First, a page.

With more than 6.4-million cars sold, Fiat’s Panda has proved its popularity. Motoring writer KEITH WARD has a look at the third generation.
IN 32 years, 6.4-million examples of Fiat’s little Panda have been sold. Now comes a third generation with a neat, all-new, stronger and roomier body, about four-and-a-half inches longer and slightly wider and taller than before, with a smarter interior.
“Everything has been changed without altering the heart and soul of the car”, says Rob Lake, Fiat UK’s senior product manager.
Three levels of trim – dubbed Pop, Easy and Lounge – and an initial choice of three proven engines make up a 12-strong range priced from £8,900 to £12,250.
There is a slight overlap with the best-selling Fiat 500, priced from £11,100 to £17,207.
The 500 will continue to appeal to younger drivers, while the Panda has traditionally found favour among older motorists, say Fiat.
Basic equipment on the Panda includes four-speaker audio with MP3 player, daytime running lights, electric front windows, central door locking, height-adjustable steering wheel, four airbags and body-coloured bumpers.
Top-end options at extra cost, whatever the trim you choose, include automatic climate control, electric sunroof, Bluetooth connectivity, rear parking sensors and automatic braking to avoid city traffic collisions – a hitherto big-car facility, also to be found on the new VW up!, a rival to the Panda.
Older motorists may remember the original Panda with an innovative hammock slung for rear passengers. The new Panda’s standard rear seat is a fixed bench for two. When the backrest is folded forward via two slightly awkward-to-reach latches, it leaves a prominent step in the floor of the boot, which is however a generous 1,010 mm wide, by our tape.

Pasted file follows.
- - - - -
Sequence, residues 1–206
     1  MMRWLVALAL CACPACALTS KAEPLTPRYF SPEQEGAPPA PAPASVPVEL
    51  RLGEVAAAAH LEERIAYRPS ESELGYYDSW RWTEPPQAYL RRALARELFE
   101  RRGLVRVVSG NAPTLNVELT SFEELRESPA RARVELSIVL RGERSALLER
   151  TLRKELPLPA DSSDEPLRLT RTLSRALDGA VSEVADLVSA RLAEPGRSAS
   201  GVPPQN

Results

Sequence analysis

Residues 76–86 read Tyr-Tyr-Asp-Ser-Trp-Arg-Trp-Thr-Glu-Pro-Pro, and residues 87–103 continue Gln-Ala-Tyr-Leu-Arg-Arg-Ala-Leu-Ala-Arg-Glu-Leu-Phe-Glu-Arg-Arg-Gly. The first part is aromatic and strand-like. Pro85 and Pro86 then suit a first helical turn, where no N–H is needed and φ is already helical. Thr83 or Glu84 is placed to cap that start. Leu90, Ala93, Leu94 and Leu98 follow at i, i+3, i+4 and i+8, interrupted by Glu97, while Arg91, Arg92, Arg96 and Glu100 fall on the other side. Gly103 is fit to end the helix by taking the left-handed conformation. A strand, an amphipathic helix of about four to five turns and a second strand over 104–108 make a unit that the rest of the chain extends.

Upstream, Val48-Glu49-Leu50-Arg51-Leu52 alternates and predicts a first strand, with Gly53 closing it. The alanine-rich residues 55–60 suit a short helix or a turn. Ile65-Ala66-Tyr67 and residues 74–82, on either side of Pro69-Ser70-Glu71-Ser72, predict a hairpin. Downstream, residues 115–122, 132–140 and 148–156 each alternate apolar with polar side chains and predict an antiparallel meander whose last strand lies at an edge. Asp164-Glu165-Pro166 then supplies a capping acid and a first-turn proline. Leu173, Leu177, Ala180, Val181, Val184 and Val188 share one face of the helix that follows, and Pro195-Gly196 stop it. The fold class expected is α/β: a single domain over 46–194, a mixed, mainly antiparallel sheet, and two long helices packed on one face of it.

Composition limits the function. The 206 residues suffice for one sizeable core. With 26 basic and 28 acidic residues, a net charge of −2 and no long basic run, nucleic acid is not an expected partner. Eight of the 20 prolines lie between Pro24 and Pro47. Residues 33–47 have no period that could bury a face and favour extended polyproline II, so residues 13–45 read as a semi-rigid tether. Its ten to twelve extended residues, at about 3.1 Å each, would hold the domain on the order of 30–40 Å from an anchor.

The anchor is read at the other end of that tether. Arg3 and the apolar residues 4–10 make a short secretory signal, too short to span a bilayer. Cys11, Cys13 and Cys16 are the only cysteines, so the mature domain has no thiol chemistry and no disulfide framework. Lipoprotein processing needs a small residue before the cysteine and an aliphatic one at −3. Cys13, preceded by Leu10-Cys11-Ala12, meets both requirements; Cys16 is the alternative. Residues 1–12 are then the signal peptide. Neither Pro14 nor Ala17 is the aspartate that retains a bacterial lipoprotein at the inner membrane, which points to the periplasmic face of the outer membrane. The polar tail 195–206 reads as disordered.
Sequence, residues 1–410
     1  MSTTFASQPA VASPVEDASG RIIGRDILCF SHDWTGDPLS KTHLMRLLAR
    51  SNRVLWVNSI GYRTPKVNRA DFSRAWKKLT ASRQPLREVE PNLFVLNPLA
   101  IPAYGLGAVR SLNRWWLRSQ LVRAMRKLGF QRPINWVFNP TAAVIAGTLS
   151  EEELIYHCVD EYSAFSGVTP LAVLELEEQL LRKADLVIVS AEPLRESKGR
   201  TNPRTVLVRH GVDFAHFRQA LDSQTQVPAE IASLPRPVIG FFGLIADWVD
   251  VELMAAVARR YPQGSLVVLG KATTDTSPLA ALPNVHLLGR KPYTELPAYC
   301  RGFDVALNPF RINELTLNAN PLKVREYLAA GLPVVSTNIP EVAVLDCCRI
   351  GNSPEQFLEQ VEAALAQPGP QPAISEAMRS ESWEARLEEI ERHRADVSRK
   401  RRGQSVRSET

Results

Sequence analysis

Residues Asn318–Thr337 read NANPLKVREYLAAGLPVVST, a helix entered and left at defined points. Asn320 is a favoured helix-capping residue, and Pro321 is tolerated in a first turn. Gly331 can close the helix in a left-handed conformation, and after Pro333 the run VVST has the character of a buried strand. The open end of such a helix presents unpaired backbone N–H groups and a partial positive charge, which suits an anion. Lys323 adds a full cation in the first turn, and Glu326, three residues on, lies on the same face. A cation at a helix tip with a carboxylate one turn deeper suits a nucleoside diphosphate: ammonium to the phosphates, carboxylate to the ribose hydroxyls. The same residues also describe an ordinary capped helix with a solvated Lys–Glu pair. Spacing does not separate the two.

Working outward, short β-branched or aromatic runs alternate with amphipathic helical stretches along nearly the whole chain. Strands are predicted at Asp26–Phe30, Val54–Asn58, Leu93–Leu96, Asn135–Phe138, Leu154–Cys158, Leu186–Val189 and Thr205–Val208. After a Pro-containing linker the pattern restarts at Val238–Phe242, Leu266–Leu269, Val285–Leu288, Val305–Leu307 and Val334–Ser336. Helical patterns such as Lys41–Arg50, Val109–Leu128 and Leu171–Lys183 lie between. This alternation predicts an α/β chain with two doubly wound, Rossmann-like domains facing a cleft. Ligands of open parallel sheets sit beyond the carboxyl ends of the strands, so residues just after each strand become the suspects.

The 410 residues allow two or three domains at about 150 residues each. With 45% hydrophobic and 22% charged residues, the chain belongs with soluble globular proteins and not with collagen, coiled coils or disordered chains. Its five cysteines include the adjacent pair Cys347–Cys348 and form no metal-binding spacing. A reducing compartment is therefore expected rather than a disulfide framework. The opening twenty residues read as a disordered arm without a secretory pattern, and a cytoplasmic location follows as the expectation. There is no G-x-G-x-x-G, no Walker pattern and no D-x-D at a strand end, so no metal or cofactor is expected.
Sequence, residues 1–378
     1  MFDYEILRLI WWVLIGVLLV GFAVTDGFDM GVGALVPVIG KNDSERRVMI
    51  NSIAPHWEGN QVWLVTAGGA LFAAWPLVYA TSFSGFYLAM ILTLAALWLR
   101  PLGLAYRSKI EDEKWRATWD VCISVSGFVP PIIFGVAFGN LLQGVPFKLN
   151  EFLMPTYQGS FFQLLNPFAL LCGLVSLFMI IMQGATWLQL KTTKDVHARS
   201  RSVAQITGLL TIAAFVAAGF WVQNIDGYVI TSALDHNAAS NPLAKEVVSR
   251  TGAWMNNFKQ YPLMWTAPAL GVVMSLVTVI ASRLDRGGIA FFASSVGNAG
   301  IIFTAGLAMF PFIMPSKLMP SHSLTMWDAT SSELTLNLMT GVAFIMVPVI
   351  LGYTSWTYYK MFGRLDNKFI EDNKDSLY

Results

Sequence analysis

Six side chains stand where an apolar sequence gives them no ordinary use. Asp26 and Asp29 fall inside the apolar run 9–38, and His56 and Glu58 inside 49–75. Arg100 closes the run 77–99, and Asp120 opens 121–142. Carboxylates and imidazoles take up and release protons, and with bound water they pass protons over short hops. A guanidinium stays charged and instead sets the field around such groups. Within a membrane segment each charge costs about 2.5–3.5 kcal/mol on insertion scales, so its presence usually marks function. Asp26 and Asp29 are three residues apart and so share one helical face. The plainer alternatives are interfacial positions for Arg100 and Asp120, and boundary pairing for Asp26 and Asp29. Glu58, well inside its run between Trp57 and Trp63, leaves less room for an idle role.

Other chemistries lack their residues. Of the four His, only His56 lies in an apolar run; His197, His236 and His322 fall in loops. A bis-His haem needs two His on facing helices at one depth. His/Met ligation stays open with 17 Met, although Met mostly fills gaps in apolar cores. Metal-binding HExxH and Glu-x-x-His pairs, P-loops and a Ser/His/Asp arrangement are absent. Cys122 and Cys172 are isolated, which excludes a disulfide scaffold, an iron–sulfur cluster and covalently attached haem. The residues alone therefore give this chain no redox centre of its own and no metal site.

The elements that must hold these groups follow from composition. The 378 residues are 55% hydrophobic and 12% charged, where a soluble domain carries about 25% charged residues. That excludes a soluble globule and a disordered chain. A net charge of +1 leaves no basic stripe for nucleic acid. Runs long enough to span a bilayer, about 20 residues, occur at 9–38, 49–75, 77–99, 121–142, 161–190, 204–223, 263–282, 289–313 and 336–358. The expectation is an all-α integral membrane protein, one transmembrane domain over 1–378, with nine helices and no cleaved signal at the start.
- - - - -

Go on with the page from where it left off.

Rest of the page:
A split rear seatback, either 50-50 or 60-40, and provision for a third rear passenger, however cramped, can be ordered at extra cost. Legroom is adequate only for average-height adults to sit behind each other.
Interior trim is tasteful and better quality than before, more akin to the 500’s, with stylish “squircular” (a cross between square and circular shaped) instruments and controls. Storage spaces numbering 14 include a sizeable open trough above the lidded glovebox.
First driving impressions of the new Panda are broadly favourable, especially with the latest version of Fiat’s typically plucky eight-valve, 1.2-litre FIRE petrol engine, expected to be the best-seller. It gives an official combined figure of 54.3 mpg and a tax-lowering 120 g/km CO2.
We also tried the little 875 cc twin cylinder TwinAir turbo which sounds like a motor bike from a standing start and required zesty stirring of the gearbox before settling to reasonably civilised motorway cruising. It’s fun, and frugal, with a combined figure of 67.3 mpg and CO2 emissions at a tax-beating 99 g/km. There is also a 1.3-litre MultiJet diesel, expected to attract only five per cent of buyers.
Fiat expect Panda sales in the UK to reach 9,900 this year, a 50 per cent increase on the old model last year and back to the level of two years ago, which was boosted by the scrappage scheme. A 4X4 version will arrive this Autumn, to further spur sales.
But there is little hope the Panda can reproduce the phenomenal success of its stablemate 500, far and away the best seller in this so-called A-segment of small, city cars.
And stiff competition is arriving with the aforementioned up! and its VW Group siblings, the Skoda Citigo and Seat Mii, as well as Hyundai’s i10 and Kia’s Picanto. All offer versions under £10,000.
THE VITAL STATISTICS
Model: Panda 1.2 Lounge
Type: Supermini five-door hatchback; four to five seats; all-new body & suspension
Engine: Petrol; 1,242 cc; 8v; 69 bhp @ 5,500 rpm; torque 102 Nm @ 3,000 rpm
Performance: 102 mph; 0-62 in 14.2 secs
MPG: Official combined 54.3 mpg; tank 37 litres
CO2: 120 g/km
PRICE: £10,050. As driven, with options, £12,130 incl Climate Pack £500 and electric sunroof £720.
Pricing: £8,900 to £12,250
On sale: Now